This article is distributed under the terms of the Creative Commons Attribution License permitting unrestricted use and redistribution provided that the original author and source are credited.

Metrics

  • 4,847
    Page views
  • 596
    Downloads
  • 62
    Citations

Article citation count generated by polling the highest count across the following sources: Crossref, Scopus, PubMed Central.

Download links

A two-part list of links to download the article, or parts of the article, in various formats.

Downloads (link to download the article as PDF)

Open citations (links to open the citations from this article in various online reference manager services)

Cite this article (links to download the citations from this article in formats compatible with various reference manager tools)

  1. Nicolas Descostes
  2. Martin Heidemann
  3. Lionel Spinelli
  4. Roland Schüller
  5. Muhammad A Maqbool
  6. Romain Fenouil
  7. Frederic Koch
  8. Charlène Innocenti
  9. Marta Gut
  10. Ivo Gut
  11. Dirk Eick
  12. Jean-Christophe Andrau
(2014)
Tyrosine phosphorylation of RNA Polymerase II CTD is associated with antisense promoter transcription and active enhancers in mammalian cells
eLife 3:e02105.
https://doi.org/10.7554/eLife.02105

Share this article

https://doi.org/10.7554/eLife.02105

Further reading

    1. Chromosomes and Gene Expression
    2. Genetics and Genomics
    Maria L Adelus, Jiacheng Ding ... Casey E Romanoski
    Research Article

    Heterogeneity in endothelial cell (EC) sub-phenotypes is becoming increasingly appreciated in atherosclerosis progression. Still, studies quantifying EC heterogeneity across whole transcriptomes and epigenomes in both in vitro and in vivo models are lacking. Multiomic profiling concurrently measuring transcriptomes and accessible chromatin in the same single cells was performed on six distinct primary cultures of human aortic ECs (HAECs) exposed to activating environments characteristic of the atherosclerotic microenvironment in vitro. Meta-analysis of single-cell transcriptomes across 17 human ex vivo arterial specimens was performed and two computational approaches quantitatively evaluated the similarity in molecular profiles between heterogeneous in vitro and ex vivo cell profiles. HAEC cultures were reproducibly populated by four major clusters with distinct pathway enrichment profiles and modest heterogeneous responses: EC1-angiogenic, EC2-proliferative, EC3-activated/mesenchymal-like, and EC4-mesenchymal. Quantitative comparisons between in vitro and ex vivo transcriptomes confirmed EC1 and EC2 as most canonically EC-like, and EC4 as most mesenchymal with minimal effects elicited by siERG and IL1B. Lastly, accessible chromatin regions unique to EC2 and EC4 were most enriched for coronary artery disease (CAD)-associated single-nucleotide polymorphisms from Genome Wide Association Studies (GWAS), suggesting that these cell phenotypes harbor CAD-modulating mechanisms. Primary EC cultures contain markedly heterogeneous cell subtypes defined by their molecular profiles. Surprisingly, the perturbations used here only modestly shifted cells between subpopulations, suggesting relatively stable molecular phenotypes in culture. Identifying consistently heterogeneous EC subpopulations between in vitro and ex vivo models should pave the way for improving in vitro systems while enabling the mechanisms governing heterogeneous cell state decisions.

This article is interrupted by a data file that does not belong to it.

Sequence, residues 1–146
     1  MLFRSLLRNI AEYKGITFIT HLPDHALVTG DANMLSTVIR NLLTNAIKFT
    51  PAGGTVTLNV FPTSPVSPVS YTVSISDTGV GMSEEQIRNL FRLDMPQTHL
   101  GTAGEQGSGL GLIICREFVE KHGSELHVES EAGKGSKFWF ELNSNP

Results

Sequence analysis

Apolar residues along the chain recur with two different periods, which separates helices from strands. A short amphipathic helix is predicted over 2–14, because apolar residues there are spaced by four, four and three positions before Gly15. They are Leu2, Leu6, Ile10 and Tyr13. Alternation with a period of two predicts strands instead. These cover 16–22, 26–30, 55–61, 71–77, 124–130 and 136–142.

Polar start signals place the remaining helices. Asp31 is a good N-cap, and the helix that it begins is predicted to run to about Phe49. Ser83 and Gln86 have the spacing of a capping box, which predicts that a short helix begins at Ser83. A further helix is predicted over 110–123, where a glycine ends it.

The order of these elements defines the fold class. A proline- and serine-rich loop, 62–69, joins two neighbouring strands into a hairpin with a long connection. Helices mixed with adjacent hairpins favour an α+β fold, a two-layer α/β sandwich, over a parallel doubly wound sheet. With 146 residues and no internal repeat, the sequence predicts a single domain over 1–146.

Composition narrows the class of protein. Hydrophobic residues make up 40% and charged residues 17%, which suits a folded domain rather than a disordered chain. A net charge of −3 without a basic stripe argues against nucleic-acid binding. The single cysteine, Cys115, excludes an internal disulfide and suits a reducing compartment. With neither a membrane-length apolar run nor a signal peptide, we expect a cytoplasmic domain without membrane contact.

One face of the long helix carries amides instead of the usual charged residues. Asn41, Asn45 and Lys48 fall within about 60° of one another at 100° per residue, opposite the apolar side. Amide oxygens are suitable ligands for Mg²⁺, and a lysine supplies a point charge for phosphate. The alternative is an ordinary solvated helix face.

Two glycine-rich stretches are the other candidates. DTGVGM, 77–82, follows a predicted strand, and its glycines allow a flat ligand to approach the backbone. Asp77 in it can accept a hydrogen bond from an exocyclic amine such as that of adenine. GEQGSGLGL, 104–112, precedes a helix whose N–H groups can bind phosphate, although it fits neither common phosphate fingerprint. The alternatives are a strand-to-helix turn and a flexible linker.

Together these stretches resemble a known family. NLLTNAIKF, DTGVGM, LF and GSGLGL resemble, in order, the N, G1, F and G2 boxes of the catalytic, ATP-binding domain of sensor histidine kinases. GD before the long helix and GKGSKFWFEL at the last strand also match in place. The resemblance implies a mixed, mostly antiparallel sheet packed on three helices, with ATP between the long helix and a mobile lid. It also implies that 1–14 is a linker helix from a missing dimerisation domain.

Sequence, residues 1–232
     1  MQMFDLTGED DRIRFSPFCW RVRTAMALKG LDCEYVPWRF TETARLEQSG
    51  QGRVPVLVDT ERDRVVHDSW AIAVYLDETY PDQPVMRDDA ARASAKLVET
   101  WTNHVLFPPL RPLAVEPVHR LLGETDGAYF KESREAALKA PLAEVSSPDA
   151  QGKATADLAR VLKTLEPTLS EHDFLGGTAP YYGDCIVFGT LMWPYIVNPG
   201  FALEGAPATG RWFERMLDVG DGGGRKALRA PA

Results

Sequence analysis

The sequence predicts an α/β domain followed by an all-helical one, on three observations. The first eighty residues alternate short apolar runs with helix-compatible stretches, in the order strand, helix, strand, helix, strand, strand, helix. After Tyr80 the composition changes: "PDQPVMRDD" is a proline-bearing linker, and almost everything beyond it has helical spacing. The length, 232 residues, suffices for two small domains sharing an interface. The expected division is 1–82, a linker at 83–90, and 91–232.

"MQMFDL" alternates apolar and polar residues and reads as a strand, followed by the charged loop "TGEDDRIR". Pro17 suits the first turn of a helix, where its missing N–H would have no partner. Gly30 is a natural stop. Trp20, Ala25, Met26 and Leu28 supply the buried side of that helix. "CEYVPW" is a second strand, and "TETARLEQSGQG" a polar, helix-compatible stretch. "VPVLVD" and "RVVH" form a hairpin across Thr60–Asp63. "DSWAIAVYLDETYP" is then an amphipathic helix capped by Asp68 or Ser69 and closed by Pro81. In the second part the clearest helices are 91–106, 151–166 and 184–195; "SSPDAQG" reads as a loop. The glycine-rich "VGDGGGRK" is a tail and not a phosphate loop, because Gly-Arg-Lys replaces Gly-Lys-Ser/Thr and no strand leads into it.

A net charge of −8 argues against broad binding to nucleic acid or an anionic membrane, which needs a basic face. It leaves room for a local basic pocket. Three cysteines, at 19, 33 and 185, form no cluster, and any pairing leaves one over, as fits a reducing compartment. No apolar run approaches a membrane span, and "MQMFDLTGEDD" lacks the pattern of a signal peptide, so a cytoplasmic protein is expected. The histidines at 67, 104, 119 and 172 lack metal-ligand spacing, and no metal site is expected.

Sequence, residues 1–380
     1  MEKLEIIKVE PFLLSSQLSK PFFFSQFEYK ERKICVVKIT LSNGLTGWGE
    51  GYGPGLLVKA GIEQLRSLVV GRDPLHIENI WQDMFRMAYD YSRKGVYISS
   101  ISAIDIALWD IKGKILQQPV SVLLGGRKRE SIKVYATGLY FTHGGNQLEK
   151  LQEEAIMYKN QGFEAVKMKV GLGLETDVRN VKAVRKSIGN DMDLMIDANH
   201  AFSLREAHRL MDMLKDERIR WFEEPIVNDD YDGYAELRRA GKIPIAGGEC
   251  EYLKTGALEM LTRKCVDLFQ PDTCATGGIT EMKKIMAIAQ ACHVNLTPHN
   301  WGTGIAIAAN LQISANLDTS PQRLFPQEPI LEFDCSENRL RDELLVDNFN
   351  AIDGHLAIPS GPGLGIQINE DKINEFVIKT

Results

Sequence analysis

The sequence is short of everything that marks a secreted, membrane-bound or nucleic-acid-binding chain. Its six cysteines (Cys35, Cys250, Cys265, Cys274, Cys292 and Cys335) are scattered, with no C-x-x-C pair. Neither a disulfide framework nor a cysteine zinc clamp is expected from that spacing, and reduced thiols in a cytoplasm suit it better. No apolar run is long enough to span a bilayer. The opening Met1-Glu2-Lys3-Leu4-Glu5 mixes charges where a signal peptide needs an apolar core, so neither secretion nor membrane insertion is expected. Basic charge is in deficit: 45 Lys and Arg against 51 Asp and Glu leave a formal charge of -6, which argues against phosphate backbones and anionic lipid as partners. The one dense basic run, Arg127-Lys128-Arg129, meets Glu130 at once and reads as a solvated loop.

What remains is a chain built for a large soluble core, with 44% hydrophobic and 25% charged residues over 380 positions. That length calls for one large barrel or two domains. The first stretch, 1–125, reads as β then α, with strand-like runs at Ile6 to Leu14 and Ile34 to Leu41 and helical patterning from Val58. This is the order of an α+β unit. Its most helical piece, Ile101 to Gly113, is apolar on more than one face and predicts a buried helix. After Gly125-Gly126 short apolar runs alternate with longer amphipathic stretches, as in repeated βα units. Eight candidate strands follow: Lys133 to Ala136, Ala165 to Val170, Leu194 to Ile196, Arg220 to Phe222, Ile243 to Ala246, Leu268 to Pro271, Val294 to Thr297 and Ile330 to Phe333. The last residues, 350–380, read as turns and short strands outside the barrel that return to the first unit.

1. Chromosomes and Gene Expression
    Allison Coté, Aoife O'Farrell ... Arjun Raj
    Research Article

    Splicing is the stepwise molecular process by which introns are removed from pre-mRNA and exons are joined together to form mature mRNA sequences. The ordering and spatial distribution of these steps remain controversial, with opposing models suggesting splicing occurs either during or after transcription. We used single-molecule RNA FISH, expansion microscopy, and live-cell imaging to reveal the spatiotemporal distribution of nascent transcripts in mammalian cells. At super-resolution levels, we found that pre-mRNA formed clouds around the transcription site. These clouds indicate the existence of a transcription-site-proximal zone through which RNA move more slowly than in the nucleoplasm. Full-length pre-mRNA undergo continuous splicing as they move through this zone following transcription, suggesting a model in which splicing can occur post-transcriptionally but still within the proximity of the transcription site, thus seeming co-transcriptional by most assays. These results may unify conflicting reports of co-transcriptional versus post-transcriptional splicing.